College Prep, Part 3
Discuss with your child the habits he'll need at school in the fall, for example, waking up without help from Mom or Dad. "If somebody needs six alarms to get up, this is the time to practice," stresses Vickie Ball, an ADHD coach in Providence, Rhode Island. Figure out how much sleep your child needs and what works to get him to sleep (earplugs) and get him up (a loud alarm clock).
Does your child know how to do laundry? You'd be surprised at how many high school seniors are clueless about washing clothes. Summer's a great time to walk your child through it. Break down the steps — get the laundry bag, separate clothes, select detergent — and make a list of them. How does your child handle money?
Practice budgeting on a weekly or biweekly allowance, to help your child cut down on impulse spending. Use a color-coded envelope system — a red envelope for transportation money, blue for entertainment, green for toiletries, and so on — to track where his money goes. Practice using a prepaid phone card, and discuss how often you plan to keep in touch.
What kind of time-management system works best for your child? Some students prefer printed calendars or day planners, while others turn to digital assistants like cell phones. Gadgets like these make great graduation gifts, because students can start using them over the summer. Otherwise, in the rush of college life, a freshman and his Palm Pilot may never get acquainted.
College is an extremely competitive scene, one where even the "smart kids" from high school often feel inadequate. Summer courses can give a student with ADHD an edge. He'll have the opportunity to see what class rhythm is really like, and what he's up against come fall. This intro to academic life can help him plan a realistic course load — and the transferable credits give him some wiggle room, should he find his schedule too heavy.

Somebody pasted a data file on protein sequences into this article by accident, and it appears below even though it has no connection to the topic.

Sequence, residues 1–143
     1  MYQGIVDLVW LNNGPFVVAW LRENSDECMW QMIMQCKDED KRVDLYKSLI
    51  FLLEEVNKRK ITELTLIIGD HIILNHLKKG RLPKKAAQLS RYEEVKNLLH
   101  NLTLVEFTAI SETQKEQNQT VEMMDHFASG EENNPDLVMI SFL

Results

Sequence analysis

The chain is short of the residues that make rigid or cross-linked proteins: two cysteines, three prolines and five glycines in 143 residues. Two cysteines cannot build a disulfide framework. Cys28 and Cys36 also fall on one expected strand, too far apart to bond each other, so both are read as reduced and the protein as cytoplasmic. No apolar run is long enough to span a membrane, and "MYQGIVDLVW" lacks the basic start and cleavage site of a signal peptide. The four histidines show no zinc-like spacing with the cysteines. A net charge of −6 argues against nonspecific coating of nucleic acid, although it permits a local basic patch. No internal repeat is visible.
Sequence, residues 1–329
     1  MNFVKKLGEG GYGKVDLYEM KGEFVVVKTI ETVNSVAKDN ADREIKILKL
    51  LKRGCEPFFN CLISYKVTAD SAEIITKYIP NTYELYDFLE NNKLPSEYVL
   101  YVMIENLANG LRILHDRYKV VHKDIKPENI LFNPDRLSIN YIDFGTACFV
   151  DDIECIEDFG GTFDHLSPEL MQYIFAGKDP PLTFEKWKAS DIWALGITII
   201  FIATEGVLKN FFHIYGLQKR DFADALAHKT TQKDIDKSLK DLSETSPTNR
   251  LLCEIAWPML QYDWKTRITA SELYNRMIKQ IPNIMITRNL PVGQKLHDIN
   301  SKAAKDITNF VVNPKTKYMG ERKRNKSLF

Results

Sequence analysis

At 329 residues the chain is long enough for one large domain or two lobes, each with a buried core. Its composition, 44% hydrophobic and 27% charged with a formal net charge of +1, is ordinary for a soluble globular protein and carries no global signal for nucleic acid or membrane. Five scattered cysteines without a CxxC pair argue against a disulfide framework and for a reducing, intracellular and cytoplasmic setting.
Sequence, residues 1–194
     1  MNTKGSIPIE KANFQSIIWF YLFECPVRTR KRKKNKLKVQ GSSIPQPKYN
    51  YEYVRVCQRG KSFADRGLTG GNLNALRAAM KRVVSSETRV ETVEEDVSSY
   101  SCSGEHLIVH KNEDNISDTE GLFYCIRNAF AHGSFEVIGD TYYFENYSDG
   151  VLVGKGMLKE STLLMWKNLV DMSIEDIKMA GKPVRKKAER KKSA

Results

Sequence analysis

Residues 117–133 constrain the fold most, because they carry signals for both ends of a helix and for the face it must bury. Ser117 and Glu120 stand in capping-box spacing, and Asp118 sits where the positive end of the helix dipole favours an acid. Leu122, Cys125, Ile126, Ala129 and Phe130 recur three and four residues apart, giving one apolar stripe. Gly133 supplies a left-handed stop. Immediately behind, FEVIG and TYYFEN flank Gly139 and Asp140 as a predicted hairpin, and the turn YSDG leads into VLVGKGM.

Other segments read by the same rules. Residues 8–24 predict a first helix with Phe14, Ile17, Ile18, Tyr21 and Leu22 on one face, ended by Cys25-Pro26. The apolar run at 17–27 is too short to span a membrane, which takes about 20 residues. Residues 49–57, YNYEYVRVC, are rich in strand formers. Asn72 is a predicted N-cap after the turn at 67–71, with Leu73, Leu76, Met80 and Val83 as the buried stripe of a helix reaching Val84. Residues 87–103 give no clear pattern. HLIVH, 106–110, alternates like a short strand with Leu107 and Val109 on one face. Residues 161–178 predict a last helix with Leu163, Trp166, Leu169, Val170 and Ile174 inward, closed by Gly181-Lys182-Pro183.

Most importantly, remind your child that you won't be there with him in school. Talk about his strengths and weaknesses. Identify his potential trouble spots now, and brainstorm how he should handle them. Take note of how many daily promptings you give him — "Billy, it's time to take your medication" — and discuss how he can get by on his own.
What's a parent to do?
A parent's role changes enormously as a child makes this life shift. The adjustment can be particularly wrenching if your child has ADHD, because you've pretty much been his eyes and ears for 18 or so years. But as your child enters college, you need to let him find his own way.
"It's not that your parental responsibilities lessen," says Manhattan College's Pollack, "but they morph into a different type of responsibility."
Sure, you can stay involved — just make sure your youngster has the tools to help himself. It's OK to be inquisitive — in fact, it's mandatory. Ask your child about his schedule and his syllabus, and explore ways to support him from home. Keeping the lines of communication open between you and your child is the best way — perhaps the only way — to find out how he's doing. Unlike in high school, your child doesn't have to let you in on his school life — even if you're footing the bill. Adult students are protected by privacy laws, and your child must grant permission for any information about him to be released. Even his grades are considered privileged. However, if your child signs an academic release or privacy waiver — a good idea, says Pollack — teachers can speak about him.
So even as you allow your child to solve his own problems, don't be afraid to check in. "If youngsters have always had support from their parents," says Weyandt, "they will continue to need it." Maybe now in a different way, but adjusting to the needs of your child is what parenting's all about.